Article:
Music by Galt MacDermot
Book by Gerome Ragni and James Rado
Directed by Diane Paulus
Presented by SHN
Golden Gate Theatre, San Francisco
Oct. 25-Nov. 20, 2011
Out in the lobby they were painting faces and handing out flowers. Inside the theater there was star shine and sunshine and the warm glow of nostalgia. “Hair” is back in town, this time in the splendid 2008 Public Theater revival, directed by Diane Paulus, that took New York by storm. And it’s a trip, man.
So what does this iconic 1967 show have to say to us in almost-2012? Plenty! Kids still rebel against their parents and society, although the length of their tresses may not have a lot to do with it. Drugs remain a problem — even a bigger problem — but the drug scene has grown way beyond a hit from a joint at a party or in the park. The sensitive systems of the planet are way out of whack. Senseless wars still rage on all over the world, claiming the lives of kids, maybe not these kids but somebody’s. And, what do you know? The American people are taking their case to the streets once again. The more things change, the more they stay the same.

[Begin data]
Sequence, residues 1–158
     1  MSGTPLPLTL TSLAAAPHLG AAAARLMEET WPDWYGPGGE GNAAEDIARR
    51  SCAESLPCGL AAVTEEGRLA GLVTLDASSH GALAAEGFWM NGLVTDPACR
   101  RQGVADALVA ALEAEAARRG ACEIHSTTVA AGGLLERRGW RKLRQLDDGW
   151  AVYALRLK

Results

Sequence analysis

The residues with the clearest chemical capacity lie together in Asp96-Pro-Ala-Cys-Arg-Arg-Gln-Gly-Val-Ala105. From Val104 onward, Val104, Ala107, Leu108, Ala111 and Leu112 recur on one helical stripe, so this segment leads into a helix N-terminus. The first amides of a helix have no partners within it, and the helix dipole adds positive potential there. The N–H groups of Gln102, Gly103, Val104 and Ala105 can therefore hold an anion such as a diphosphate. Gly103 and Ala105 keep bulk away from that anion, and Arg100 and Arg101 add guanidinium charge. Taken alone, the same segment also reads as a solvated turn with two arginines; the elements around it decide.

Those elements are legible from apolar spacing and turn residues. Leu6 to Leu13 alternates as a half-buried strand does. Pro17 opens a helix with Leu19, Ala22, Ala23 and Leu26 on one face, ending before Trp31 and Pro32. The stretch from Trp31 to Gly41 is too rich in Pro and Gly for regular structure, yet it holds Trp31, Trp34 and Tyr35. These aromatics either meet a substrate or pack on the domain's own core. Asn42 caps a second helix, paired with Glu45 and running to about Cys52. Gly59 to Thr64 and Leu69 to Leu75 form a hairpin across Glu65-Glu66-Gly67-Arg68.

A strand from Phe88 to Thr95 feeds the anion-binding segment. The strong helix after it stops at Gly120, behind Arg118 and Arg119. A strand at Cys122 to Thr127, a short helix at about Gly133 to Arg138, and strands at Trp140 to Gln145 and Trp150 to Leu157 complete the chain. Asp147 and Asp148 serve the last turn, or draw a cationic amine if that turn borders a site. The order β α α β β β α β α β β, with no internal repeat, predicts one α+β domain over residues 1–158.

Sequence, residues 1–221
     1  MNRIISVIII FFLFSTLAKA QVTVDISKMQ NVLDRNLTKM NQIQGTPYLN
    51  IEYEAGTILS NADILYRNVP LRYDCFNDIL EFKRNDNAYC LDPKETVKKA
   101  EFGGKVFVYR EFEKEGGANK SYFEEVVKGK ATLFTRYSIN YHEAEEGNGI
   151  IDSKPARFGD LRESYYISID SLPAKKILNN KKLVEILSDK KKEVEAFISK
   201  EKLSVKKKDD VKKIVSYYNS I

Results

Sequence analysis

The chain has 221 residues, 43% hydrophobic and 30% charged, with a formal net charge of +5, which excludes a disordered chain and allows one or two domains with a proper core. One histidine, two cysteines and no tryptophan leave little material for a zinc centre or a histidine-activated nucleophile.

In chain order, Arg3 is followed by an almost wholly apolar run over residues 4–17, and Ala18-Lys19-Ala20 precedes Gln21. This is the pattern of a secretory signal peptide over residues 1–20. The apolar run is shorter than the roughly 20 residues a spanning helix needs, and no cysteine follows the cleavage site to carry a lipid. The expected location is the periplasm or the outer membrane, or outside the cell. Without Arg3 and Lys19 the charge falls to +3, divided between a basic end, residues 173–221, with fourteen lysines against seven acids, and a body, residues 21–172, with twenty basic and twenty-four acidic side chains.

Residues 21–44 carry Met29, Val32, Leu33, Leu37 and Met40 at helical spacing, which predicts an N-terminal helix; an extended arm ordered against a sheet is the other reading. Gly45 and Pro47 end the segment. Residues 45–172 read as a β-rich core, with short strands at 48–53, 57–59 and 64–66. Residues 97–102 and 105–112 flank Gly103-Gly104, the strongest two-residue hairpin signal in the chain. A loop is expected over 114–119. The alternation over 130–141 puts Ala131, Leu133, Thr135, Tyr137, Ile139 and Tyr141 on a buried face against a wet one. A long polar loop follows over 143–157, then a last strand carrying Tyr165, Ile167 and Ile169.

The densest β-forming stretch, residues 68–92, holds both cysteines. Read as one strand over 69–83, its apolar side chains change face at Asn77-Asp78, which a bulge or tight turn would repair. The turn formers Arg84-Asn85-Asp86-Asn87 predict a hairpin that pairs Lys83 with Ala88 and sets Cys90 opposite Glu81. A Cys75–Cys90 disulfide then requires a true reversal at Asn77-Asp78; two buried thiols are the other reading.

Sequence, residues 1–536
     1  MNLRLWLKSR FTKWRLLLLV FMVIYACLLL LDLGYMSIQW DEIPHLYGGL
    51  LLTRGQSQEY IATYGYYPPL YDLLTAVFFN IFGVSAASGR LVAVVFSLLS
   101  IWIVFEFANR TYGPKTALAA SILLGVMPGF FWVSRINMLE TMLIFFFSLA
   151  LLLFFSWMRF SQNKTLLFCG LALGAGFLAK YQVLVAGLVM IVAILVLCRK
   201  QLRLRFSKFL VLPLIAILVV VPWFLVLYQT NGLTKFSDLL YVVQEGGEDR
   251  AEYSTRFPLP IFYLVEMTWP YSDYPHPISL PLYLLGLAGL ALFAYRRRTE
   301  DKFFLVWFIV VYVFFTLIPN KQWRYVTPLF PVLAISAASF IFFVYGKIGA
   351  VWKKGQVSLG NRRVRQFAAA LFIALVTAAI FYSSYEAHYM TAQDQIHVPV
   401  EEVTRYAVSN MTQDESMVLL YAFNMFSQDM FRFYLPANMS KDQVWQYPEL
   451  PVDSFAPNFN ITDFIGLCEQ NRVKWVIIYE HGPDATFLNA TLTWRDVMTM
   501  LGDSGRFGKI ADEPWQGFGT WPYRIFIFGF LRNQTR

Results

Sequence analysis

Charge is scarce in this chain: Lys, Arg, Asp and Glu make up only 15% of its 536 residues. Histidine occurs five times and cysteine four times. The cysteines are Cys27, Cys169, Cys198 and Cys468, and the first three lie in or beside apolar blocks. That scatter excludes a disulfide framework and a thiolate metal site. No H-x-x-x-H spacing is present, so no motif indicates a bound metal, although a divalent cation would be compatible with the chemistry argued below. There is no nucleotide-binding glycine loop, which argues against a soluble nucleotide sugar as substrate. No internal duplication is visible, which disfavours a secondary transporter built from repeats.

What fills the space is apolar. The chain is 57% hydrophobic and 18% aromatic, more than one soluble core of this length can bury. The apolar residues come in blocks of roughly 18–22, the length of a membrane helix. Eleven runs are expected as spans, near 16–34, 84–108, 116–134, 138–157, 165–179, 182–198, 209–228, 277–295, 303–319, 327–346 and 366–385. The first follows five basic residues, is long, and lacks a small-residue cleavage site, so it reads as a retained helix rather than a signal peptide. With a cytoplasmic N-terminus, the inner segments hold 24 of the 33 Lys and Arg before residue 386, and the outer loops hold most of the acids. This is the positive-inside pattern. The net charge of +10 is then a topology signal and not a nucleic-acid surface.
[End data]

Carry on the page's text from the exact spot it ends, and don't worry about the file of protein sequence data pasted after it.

The energy of the “Hair” Tribe is infectious, and even a house loaded with critics and other functionaries of the theater scene finds itself clapping in time with some of those great old songs that paved the way for all the rock musicals that followed. The cast is terrific (if miked), particularly Phyre Hawkins as Dionne, Mike Evariste as Hud and Steel Burkhardt and Paris Remillard in the lead roles of Berger and Claude. The plot, such as it is, hangs on the latter — a self-styled “genius, genius,” a Polish kid from the Bronx with delusions of grandeur.
Unsure of his place in the world, Claude decides to answer the call of his country instead of burning his draft card like any sensible hippie and thereby hangs this slimmest of tales. His best friend, Berger, is an over-the-top rebel and their girls, Crissy (Kaitlin Kiyan), Jeanie (Aleque Reid) and the luminous Sara King as Sheila, the activist, mix it up deliciously, as everybody is hung up on somebody who is hung up on somebody else.
But the plot is not the heart of “Hair” and, in the end, as Claude morphs into a kind of sacrificial Christ-figure, the message is moving. And the most moving moment of all, the song “What a Piece of Work Is Man,” comes to us courtesy of Will Shakespeare. The nude scene at the end of Act I that shocked the world in the ’60s is so tastefully handled that you hardly notice it is happening — or maybe our sensibilities are different today. And, yes, when it’s all over you can get up on the stage and dance with the cast. Only this time around it will go out on YouTube, so make sure you’re lookin’ good.